My next expedition

Two months ago I returned from Madagascar where I spent 10 weeks in a tent in the littoral forests of the south working with SEED Madagascar on conservation. It was hot, sandy, and awe inspiring. Next I go to explore somewhere which is the exact opposite of the first two but for sure will be the third.

I am honoured to have been chosen for the Homeward Bound expedition where, along with 79 other women scientists, I will be spending three weeks at sea, exploring the Antarctic. The Homeward Bound project aims to heighten the influence and impact of women with a science background in order to influence policy and decision making as it shapes our planet, sending 1000 women to the Antarctic within 10 years.


To help me promote women in science, head over to my crowdfunding:

For any media and sponsorship enquiries, get in touch with me via email at

My scicomm blog

Living in five different countries, in only two of which you spoke the language fluently, you realise that innovative communication is key. I started a blog, Pineapples and Whales, with PhD student Chloé Schmidt aiming to communicate our love of all things ecology and evolution via the medium of infographics.


If you are interested in collaborating or want to tell us about some cool research, get in touch with us at, otherwise you can follow us on any and all of these:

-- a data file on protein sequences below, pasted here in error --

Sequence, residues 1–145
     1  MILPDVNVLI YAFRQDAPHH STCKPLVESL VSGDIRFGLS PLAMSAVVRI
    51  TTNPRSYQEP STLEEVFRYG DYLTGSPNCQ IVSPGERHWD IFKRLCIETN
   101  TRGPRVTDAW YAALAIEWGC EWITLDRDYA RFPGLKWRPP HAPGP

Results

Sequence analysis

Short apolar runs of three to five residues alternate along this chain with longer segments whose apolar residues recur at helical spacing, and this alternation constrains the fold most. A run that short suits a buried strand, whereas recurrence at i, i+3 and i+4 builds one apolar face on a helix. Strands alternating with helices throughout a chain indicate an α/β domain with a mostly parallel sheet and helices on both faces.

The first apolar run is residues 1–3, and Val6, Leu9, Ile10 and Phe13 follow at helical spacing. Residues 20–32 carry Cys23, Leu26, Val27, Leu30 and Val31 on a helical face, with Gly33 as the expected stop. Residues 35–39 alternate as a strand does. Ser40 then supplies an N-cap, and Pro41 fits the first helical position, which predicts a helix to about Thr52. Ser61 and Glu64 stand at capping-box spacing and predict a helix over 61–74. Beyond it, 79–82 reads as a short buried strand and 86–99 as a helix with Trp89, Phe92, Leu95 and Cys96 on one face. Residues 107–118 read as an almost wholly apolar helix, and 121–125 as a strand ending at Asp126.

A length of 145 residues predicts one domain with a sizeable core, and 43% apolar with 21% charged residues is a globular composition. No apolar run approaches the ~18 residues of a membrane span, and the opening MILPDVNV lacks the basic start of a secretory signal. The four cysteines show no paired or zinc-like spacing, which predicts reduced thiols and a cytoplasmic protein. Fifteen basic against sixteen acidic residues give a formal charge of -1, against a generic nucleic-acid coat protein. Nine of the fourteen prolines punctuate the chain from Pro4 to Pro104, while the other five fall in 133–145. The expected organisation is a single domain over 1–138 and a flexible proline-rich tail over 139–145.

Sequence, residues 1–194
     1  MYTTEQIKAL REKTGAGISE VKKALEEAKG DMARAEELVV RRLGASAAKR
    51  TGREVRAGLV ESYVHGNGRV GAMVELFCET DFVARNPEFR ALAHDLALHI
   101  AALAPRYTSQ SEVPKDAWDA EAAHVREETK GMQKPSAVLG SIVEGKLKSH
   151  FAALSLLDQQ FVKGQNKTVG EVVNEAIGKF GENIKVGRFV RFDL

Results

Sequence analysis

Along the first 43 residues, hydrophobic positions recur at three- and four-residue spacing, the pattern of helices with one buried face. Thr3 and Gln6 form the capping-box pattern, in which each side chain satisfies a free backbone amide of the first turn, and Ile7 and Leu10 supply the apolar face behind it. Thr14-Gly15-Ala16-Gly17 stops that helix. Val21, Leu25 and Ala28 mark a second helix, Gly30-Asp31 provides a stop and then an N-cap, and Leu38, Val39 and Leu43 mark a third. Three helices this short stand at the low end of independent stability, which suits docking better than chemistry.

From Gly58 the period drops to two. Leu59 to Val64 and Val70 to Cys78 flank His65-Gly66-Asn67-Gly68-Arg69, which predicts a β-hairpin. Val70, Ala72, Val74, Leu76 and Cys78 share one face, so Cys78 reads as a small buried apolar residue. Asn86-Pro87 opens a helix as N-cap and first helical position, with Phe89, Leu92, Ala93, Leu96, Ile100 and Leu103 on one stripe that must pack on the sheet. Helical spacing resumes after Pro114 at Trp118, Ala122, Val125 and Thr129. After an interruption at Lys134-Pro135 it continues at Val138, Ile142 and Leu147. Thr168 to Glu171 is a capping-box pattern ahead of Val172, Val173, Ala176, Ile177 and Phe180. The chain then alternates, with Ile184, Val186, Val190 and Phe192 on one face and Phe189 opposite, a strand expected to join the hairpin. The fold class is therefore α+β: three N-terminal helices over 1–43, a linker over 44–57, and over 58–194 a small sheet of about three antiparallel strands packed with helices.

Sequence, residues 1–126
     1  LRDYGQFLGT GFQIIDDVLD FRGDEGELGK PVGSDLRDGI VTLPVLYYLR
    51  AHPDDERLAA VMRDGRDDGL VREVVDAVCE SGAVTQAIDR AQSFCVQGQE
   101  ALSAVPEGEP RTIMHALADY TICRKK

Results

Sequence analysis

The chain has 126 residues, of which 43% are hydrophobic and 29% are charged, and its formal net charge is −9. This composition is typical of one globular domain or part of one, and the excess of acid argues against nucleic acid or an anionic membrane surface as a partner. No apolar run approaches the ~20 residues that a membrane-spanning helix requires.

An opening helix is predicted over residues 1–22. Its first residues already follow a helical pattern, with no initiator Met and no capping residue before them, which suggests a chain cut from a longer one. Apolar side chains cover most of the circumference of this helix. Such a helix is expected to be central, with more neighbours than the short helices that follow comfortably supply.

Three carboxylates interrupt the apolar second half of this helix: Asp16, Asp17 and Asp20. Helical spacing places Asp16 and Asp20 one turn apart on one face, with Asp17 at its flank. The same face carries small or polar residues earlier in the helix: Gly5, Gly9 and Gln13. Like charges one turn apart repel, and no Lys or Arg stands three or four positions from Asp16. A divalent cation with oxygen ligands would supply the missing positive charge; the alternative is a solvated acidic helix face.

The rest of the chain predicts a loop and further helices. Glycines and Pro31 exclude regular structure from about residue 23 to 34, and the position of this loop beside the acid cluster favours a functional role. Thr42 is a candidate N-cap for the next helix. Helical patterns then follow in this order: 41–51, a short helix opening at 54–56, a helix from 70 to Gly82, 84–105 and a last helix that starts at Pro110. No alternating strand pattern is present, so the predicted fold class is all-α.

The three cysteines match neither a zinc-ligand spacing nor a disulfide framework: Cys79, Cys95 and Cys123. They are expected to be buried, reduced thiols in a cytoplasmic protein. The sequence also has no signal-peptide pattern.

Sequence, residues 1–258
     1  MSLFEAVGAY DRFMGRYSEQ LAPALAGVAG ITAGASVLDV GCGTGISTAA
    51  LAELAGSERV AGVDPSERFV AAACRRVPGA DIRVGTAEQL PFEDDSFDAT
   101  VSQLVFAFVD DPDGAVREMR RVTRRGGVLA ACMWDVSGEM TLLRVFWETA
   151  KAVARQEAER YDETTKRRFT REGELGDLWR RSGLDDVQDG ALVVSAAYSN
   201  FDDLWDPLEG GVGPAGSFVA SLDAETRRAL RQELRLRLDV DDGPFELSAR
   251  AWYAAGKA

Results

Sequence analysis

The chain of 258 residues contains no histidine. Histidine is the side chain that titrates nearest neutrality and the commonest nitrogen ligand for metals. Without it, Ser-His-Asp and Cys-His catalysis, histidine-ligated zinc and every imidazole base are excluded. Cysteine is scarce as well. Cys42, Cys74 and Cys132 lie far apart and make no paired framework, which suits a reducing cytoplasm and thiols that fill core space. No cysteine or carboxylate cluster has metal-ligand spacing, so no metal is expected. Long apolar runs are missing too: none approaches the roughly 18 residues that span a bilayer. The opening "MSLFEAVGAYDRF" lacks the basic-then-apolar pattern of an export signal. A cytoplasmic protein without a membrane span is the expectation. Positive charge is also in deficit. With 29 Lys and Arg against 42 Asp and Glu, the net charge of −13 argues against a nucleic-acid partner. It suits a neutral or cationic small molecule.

Facebook: PawSci


Instagram: pineappleswhalesci

My research

After studying Natural Sciences at the University of Cambridge I was keen to further my research skills. Although I had started my BA Hons degree with little interest in plants, by the end I was convinced not only by the paramount importance that this field holds for the challenges facing our world, but also by the possible applications of plant sciences innovation. So I embarked on a 4 year PhD program with at the world-renowned RNA silencing lab of Sir Prof. David Baulcombe investigating hybrid vigour and evolutionary dynamics in algae.

“Keep it simple.”
— Regius Prof Sir David Baulcombe

This culminated in a paper (in review) and an open access thesis:

Hessenberger, D. (2015). Small RNA and genome interactions in Chlamydomonas reinhardtii recombinants (Doctoral thesis).

My comedy

The other unique approaches I take to science communication all have one thing in common – comedy. While experimenting with text, film, photography and other media, in my spare time I am part of a improvisational theatre crew, CatCave9 which aims to make people laugh while imparting some scientific insights to our world.


You can catch our shows every third Thursday of every month in Lausanne, Switzerland, at the Cinema Oblo.